Fortunately for Mark, Jeff had his sights set on the same mountain.
"It's been my life's goal (to climb Kilimanjaro)," said Jeff.
Not long after that, Jeff Bryant contacted Markert to see if he was interested in making the trip.
"We were just talking, and when we first mentioned it, it was sort of to gain a reaction from each other," said Markert. "We're sort of adventurers, so we were both into the idea."
Markert sent out e-mails to people he thought would be interested. Fashouer was on that list.
"I knew Tom from skiing," said Fashouer. "So very early on in the process, he sent out some e-mails about it, and that's when I jumped on it. It was a trip of a lifetime " it was too good to pass up."
Fashouer then told Brennan about the trip, and the 66-year-old Brennan asked to be included.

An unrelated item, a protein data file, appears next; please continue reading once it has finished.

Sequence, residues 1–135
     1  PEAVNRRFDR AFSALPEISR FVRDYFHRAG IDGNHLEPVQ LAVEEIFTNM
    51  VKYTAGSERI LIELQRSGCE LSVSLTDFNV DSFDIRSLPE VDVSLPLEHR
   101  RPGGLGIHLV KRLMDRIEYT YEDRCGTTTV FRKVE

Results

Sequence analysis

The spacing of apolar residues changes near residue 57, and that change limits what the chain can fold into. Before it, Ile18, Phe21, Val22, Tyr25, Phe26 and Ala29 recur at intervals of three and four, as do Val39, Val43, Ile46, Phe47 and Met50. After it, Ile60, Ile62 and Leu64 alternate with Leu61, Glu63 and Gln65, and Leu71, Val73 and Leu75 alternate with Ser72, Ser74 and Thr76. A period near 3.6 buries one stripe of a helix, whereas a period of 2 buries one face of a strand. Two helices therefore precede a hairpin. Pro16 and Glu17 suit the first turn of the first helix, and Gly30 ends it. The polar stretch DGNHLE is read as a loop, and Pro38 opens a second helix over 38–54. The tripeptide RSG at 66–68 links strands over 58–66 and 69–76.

"I think I roped them into taking me with them," said Brennan. "But anybody who knows me knows I'm an athletic person."
Once the group was established, everyone started collecting information about Kilimanjaro and learned that it possessed only one physical challenge " its height, estimated at more than 19,300 feet.
"It's not a technical climb," said Brennan. "You don't have to climb any (rock) walls or use any crimp-ons or hand picks to traverse any ice."
"Over the last four or five years, Kilimanjaro has taken over as an everyman's Everest," said Markert.
Everyone trained over two years to prepare for the ascent, but it was what their guide, John Hauf, taught them on the first day of the hike that proved to be the most valuable training regimen for them.
"He had us walking very slowly from the outset, and they had you so focused on walking slowly that it was easy until the last day " that's when they cram everything," said Mark Bryant.